In 1955, when “The Night of the Hunter” opened to mixed reviews and poor box office, the film was already a throwback: steeped in the luxuriant gloom of German Expressionism and the heightened poetics of D.W. Griffith (and set to boot in rural Depression-era America). But in reaching back to the primordial enchantment and promise of silent-era cinema, director Charles Laughton created something timeless — “a nightmarish sort of Mother Goose tale,” as he put it, but also an American Gothic variation on an Old Testament parable.
Released this week in a two-disc DVD edition from the Criterion Collection (in both standard-definition and high-definition Blu-ray formats), “The Night of the Hunter” was famously the only film Laughton directed. He was in his mid-50s at the time, a British stage star who became a flamboyant character actor in Hollywood. He won an Academy Award for “The Private Life of Henry VIII” (1933), played his share of memorable monsters (Quasimodo, Dr. Moreau) and, before making his film directing debut, had earned acclaim as a theater director.
Laughton’s manager acquired the rights to “The Night of the Hunter,” a novel by first-time author Davis Grubb, mere months before it became a bestseller in 1954. One of Laughton’s first moves was to approach Robert Mitchum, among film noir’s most iconic tough guys, to play the embodiment of charismatic evil at the dark heart of the story. Mitchum’s Harry Powell has since become one of film history’s most indelible villains: a psychotic preacher, packing a switchblade and spewing fire and brimstone, seducing and terrorizing a young widow ( Shelley Winters) and her two children, in possession of their dead father’s stolen loot.
The screenplay was assigned to James Agee, the journalist who, with photographer Walker Evans, had produced a vivid paean to Depression-era tenant farmers in “Let Us Now Praise Famous Men.” Agee had also been a film critic in the ‘40s, and he co-wrote the Oscar-nominated screenplay for John Huston’s “The African Queen.”
The standard line on Agee’s participation in “The Night of the Hunter” is that the writer, struggling with alcoholism, turned in an unfilmable doorstop of a screenplay. But Michael Sragow, editor of the Library of America’s Agee anthologies, writing in the Criterion booklet, makes a persuasive case for Agee’s contributions, citing the film’s poetic intensity and psychological complexity. (Jeffrey Couchman, author of the 2009 book “‘The Night of the Hunter’: A Biography of a Film,” draws similar conclusions.) Laughton, who cut Agee’s overambitious script to a manageable scale, also worked closely with Grubb, who provided sketches of several scenes in his novel.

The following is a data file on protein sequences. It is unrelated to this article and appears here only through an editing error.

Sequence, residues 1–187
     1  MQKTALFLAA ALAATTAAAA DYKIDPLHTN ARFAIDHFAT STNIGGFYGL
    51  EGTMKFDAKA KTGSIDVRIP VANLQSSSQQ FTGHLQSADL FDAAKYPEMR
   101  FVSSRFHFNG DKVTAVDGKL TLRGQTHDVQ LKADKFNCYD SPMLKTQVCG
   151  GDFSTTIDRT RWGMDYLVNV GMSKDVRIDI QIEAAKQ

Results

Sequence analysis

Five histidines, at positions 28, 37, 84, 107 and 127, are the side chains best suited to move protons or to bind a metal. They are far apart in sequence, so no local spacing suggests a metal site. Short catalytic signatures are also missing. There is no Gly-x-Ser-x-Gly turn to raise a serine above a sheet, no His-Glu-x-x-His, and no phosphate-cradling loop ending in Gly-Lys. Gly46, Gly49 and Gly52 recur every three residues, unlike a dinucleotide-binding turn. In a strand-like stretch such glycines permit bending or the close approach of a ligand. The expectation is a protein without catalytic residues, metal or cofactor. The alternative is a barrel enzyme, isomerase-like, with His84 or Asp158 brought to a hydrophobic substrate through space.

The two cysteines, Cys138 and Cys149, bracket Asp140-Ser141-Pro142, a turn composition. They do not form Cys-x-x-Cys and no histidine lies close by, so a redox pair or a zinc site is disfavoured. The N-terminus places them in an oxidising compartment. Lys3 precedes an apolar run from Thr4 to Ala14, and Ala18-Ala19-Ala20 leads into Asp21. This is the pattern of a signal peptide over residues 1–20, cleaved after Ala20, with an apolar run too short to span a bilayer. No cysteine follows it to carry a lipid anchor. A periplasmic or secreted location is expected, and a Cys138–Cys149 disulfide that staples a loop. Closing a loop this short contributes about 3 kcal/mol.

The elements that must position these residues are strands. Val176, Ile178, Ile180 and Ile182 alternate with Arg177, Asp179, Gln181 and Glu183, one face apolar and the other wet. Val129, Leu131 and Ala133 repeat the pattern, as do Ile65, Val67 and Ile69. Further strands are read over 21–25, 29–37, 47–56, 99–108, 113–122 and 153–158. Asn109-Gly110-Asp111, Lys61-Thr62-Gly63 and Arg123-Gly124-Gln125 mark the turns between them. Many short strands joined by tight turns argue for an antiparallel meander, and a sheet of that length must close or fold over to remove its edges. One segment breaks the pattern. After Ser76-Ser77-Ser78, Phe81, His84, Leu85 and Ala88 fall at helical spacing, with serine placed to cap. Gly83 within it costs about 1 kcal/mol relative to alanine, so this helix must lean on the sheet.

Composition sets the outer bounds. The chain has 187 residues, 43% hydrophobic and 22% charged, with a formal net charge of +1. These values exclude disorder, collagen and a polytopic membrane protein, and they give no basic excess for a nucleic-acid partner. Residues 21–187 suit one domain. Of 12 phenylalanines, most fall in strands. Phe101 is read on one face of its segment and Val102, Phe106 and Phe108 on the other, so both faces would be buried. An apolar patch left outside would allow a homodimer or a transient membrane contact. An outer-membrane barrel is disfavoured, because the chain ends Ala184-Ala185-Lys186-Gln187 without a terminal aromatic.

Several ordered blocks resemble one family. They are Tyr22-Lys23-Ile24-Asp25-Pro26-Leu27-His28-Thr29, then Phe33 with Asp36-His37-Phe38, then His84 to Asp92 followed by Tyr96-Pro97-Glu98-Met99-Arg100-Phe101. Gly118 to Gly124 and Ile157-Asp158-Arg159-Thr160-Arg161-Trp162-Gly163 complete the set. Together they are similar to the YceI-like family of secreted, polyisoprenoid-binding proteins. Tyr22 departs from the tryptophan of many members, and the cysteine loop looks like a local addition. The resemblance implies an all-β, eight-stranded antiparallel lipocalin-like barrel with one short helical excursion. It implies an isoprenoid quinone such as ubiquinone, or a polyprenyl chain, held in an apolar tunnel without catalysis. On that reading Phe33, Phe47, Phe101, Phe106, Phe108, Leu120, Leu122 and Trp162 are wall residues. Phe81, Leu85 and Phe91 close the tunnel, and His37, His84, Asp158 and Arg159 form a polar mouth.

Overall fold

The cinematography, at once sensuous and austere, is by Stanley Cortez, who also worked with Orson Welles and Samuel Fuller. (The Criterion supplements include an archival interview with Cortez, new interviews with scholars and authors, as well as a 21/2-hour making-of, pieced together from outtakes and rushes.) To watch “The Night of the Hunter” is to have some of its images forever imprinted on one’s mind: Winters’ character dead at the bottom of the river, her hair rippling in the current like seaweed; Mitchum on horseback in silhouette, seen from afar; the escaped children’s moonlit, downstream drift past a woodland menagerie.
Early in the film, Mitchum’s preacher puts on a good-versus-evil pantomime for the kids, locking together his hands with their L-O-V-E and H-A-T-E knuckle tattoos. An elemental fable of sin and salvation, a study in light and shadow, “The Night of the Hunter” is built on stark dualities. It applies a child’s-eye view to a fallen adult world. It juxtaposes the crazed religiosity of Mitchum’s false prophet with the biblical benevolence of Lillian Gish’s maternal shepherdess, tending to a flock of suffering little children. And it combines a folkloric lyricism that is deeply American with a primal darkness profoundly out of sync with the self-image of Eisenhower-era America, which may account for the film’s failure at the time.
“The Night of the Hunter” has grown in stature since, recuperated as a cult favorite and eventually acknowledged as a masterpiece, a movie with many descendants (from David Lynch to Terrence Malick) but few real precedents. Laughton, who died in 1962, was so crushed by the disappointment that he swore off directing — a tragedy that only reinforces his film’s aura of singularity.